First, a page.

Cheap grace: sounds like an oxymoron, doesn’t it?
But even a cursory reading of Diedrich Bonhoeffer reveals it’s itchy truth.
Germany: the land of Luther, Wagner, Nietzche, Hitler, Rahner, and Ratzinger. The list combines the very noblest and the most bestial of the minds and hearts of man. And there was also a man called Bonhoeffer.
I have read occasional meditations by Dietrich Bonhoeffer and found them intriguing but it was not until I began to read Bonhoeffer, Pastor, Martyr, Prophet, Spy by Eric Metaxas that I began to grasp the power and the far reach of yet another great theological mind from Germany.
In his biography, author Metaxas quotes Bonhoeffer with a stunning observation I paraphrase here: it was the “cheap grace” of Germans that permitted -perhaps caused Hitler’s rapid rise to power.
Bonhoeffer writes that “Cheap grace is the deadly enemy of our church. We are fighting today for costly grace.”
He means, of course, the notion that our God is ever and always merciful, that forgiveness is a general truth, the “justification of sin without the justification of the sinner.” Bonhoeffer’s beloved Lutheran Church had devolved to the dangerous general teaching that we see and hear from many today: Christ’s Body and Blood accomplished all, therefore all is peace and goodness. Cheap grace, writes Bonhoeffer is the “grace we bestow on ourselves.”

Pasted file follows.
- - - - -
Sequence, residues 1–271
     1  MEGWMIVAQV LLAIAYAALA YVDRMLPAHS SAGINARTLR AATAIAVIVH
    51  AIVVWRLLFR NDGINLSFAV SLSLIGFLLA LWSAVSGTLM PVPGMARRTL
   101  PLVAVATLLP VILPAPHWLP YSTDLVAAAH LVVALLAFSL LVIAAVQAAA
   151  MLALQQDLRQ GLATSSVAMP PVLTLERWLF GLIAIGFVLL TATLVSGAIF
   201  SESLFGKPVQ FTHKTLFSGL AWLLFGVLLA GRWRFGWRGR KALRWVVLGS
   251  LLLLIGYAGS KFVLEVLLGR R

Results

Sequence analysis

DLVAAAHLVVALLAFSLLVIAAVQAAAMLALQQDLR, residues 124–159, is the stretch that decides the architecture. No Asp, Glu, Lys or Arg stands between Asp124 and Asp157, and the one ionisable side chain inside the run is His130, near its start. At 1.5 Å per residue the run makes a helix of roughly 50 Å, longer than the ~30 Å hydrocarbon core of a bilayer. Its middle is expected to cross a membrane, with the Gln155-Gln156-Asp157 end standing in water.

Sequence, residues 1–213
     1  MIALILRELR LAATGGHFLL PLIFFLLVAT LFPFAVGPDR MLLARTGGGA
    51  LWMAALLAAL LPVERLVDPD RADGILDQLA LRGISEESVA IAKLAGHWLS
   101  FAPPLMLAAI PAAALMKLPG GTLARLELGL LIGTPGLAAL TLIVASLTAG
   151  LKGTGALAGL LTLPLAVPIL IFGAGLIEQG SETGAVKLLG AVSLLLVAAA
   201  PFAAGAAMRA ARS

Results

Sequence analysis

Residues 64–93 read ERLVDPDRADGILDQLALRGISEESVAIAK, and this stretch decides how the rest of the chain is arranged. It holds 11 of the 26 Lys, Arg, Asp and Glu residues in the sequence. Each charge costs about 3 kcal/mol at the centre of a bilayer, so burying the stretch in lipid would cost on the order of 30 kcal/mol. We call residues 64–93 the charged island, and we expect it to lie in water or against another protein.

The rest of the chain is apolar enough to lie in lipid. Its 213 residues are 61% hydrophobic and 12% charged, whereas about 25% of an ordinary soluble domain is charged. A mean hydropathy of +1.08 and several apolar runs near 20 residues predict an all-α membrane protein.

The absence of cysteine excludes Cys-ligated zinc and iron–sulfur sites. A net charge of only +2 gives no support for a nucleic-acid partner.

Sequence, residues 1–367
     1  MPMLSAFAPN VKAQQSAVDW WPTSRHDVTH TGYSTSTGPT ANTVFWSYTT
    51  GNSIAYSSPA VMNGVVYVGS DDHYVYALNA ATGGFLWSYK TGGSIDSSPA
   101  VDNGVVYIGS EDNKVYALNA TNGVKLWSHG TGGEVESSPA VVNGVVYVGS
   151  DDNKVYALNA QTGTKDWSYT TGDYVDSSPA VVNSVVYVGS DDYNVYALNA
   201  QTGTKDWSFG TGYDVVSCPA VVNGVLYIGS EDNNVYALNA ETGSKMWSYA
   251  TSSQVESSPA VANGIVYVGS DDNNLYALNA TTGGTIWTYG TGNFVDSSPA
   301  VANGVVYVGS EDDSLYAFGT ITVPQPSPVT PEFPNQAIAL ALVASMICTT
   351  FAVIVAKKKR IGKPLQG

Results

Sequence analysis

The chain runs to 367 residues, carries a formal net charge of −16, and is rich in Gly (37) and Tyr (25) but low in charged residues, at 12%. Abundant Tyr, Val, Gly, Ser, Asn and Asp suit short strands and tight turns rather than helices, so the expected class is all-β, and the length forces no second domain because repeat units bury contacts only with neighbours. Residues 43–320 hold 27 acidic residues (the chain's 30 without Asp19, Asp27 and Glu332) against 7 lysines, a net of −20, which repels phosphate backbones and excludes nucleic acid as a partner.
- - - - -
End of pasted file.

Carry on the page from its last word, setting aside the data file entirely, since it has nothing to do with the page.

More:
Here is a scholar, academic, lover of the opera, of all that was beautiful in German culture who slowly, painfully decides he must join the resistance, must join in a plot to assassinate Hitler.
“It is better to do evil, than to be evil,” reasons this PhD in theology, this Pastor of the Lutheran Confessional Church founded by him in opposition to the German Lutheran Church which capitulated to Hitler, to the fanatic adoration demanded by the Fuehrer.
It is better to do evil, than to be evil.